I have been thinking about scourges of the past, and how people coped with them. Leaving aside the plague, and the Black Death, more recent killers have been leprosy, cholera, smallpox, TB, polio, diabetes. All of these diseases have now been by and large eliminated, or at least controlled. My generation all has scars from the smallpox vaccination, which was very unpleasant. No longer needed. So Covid has leapt up to take the lead position. However we now have a vaccination programme which seems to be very effective, and improved treatment for those who do develop the disease. So what are we all frightened of? The answer is, death, the last great taboo. I am fearful, of course I am. This has been true from the beginning of time. But so many taboos have now been lifted. Women do not need to fear an unwanted pregnancy, sexual orientation of any description is tolerated, we can openly discuss all kinds of topics which in the past would not have been acceptable. Except death. Many people have not made a will, or do not know how to react when someone near to them dies. In the pandemic the collective consciousness has had to face the reality that none of us is immortal. I can see that this is a hard lesson to learn.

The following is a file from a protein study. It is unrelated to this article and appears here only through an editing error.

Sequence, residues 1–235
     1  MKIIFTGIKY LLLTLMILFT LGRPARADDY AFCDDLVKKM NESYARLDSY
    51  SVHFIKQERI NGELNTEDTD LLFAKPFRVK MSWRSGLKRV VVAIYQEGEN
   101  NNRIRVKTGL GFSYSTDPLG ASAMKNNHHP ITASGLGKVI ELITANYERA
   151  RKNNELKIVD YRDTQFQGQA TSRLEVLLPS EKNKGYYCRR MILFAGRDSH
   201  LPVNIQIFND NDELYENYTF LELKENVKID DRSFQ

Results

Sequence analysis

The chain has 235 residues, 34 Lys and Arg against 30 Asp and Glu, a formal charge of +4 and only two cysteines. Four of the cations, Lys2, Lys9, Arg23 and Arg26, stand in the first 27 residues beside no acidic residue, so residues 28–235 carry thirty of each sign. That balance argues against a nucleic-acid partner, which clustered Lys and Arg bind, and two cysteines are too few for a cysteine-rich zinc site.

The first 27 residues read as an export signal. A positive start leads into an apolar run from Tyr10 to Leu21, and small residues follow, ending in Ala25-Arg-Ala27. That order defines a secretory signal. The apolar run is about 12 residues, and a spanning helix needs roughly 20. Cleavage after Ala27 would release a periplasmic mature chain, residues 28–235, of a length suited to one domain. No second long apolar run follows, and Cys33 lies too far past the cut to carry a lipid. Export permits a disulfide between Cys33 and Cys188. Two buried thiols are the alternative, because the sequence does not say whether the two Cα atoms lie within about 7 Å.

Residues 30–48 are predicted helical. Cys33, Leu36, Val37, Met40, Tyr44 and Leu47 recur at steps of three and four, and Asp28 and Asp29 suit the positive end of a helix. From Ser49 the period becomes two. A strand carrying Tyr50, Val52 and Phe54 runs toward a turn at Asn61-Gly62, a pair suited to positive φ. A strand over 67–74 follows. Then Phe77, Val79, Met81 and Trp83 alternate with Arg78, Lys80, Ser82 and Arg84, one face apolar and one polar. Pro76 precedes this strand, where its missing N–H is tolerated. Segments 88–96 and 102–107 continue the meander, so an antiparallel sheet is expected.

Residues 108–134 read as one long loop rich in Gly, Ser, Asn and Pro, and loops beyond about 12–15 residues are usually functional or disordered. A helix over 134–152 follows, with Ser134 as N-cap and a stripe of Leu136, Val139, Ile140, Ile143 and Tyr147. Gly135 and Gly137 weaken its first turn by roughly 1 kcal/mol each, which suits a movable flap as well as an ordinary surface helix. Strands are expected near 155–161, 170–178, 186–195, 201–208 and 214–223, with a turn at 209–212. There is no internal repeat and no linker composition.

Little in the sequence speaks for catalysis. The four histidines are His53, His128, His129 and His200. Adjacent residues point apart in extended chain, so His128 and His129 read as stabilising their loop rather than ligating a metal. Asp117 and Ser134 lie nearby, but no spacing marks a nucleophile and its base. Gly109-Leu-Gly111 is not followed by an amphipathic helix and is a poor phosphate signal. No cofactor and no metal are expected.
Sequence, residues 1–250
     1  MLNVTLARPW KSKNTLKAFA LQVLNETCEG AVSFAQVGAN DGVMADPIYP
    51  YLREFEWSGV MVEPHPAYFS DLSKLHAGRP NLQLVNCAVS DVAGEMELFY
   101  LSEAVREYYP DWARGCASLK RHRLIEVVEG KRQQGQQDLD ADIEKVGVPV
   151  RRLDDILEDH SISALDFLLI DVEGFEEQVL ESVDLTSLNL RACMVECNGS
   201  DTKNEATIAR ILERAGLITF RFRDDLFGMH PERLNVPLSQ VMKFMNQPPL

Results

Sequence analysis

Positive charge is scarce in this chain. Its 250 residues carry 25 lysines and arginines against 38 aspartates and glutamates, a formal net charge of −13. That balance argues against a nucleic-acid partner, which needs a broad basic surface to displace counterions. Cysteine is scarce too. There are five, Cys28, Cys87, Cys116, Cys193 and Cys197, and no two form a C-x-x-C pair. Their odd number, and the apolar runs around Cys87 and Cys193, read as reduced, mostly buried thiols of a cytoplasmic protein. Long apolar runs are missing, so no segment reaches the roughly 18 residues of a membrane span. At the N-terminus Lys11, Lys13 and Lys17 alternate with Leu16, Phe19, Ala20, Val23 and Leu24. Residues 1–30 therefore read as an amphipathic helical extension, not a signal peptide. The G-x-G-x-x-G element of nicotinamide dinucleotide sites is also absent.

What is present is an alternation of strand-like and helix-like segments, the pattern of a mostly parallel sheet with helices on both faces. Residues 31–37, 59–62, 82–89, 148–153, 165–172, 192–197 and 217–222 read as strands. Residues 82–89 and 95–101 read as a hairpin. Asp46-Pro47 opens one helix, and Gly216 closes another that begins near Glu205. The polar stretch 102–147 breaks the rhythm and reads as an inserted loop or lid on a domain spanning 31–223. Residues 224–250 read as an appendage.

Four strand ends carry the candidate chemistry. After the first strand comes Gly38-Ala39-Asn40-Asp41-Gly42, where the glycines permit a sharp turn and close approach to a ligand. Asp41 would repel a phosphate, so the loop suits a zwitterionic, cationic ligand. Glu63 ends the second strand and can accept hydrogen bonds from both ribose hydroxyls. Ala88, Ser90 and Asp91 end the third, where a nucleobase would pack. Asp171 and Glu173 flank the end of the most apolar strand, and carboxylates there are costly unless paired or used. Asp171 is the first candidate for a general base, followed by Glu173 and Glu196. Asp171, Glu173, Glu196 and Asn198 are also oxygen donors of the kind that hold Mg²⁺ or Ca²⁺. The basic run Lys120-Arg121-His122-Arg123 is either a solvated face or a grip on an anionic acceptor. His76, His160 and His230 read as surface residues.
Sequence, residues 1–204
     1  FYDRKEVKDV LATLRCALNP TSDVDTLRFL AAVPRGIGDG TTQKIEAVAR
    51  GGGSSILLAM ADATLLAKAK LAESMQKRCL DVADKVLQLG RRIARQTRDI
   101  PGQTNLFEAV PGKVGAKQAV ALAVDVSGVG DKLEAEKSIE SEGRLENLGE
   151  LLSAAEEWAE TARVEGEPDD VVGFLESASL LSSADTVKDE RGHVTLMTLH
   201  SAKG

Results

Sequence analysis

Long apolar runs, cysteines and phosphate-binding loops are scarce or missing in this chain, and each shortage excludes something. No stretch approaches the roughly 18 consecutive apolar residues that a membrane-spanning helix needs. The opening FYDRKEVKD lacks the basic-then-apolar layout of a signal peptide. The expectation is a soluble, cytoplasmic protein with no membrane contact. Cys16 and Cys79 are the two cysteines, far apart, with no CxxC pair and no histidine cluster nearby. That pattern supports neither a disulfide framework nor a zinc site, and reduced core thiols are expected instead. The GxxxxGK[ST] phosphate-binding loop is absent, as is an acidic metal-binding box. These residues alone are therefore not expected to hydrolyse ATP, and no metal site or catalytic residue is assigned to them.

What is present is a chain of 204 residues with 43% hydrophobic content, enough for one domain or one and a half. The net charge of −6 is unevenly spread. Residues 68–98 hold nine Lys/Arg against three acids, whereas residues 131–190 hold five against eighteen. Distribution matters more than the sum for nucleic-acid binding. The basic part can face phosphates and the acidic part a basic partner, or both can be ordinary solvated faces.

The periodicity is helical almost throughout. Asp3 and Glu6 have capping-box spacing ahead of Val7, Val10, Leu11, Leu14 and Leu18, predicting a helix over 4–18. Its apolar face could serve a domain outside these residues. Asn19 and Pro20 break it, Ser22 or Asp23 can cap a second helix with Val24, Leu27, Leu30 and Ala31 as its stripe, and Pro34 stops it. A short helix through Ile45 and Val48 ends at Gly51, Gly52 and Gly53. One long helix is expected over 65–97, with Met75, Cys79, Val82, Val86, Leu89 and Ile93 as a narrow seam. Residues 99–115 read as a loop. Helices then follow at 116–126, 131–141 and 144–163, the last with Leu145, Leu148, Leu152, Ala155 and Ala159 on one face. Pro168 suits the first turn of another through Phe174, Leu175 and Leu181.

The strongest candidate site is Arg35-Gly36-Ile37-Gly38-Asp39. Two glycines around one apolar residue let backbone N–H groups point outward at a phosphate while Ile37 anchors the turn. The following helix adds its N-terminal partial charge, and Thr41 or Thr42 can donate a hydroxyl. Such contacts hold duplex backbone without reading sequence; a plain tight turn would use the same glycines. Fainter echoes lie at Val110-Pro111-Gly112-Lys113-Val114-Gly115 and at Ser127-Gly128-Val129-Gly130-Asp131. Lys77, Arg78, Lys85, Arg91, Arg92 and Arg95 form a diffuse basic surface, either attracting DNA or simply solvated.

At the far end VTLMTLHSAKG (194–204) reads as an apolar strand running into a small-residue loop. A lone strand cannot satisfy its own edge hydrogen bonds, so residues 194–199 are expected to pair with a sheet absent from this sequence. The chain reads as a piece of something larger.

Well to jollier topics. It’s amazing how the mind roams when picking raspberries or rhubarb. I have decided to make some rhubarb gin. Not the gin itself of course, that is ready made, but first the chopped rhubarb is infused with sugar for 24 hrs, then the gin marinades it for 4 weeks. A wonderful pink colour. Serve with elderflower tonic water and ice cubes: a very refreshing summer drink. Recipe on the internet, but I would advise reducing the amount of sugar unless you want a very sweet liqueur.
Horrendous floods in west Germany: what funny old weather we have been having. The management of water resources is one of the most critical issues of our time, but we do not seem to be making much progress. I am reading a book called The Lost Rivers of London: there are quite a lot, including one which is almost entirely underground in Coulsdon and Purley. But occasionally it bursts forth through the storm drains. It is The Bourne, which flows into the Wandle, which flows into the Thames. We have walked along quite a bit of the Wandle: huge efforts have been made to clean it up and fish are returning.
The 2nd movement of Beethoven’s Pathetique sonata. I used to play this: it is a very relaxing piece and more difficult than it sounds. Barenboim is of course the maestro. I like his shirt collar, though it looks very uncomfortable.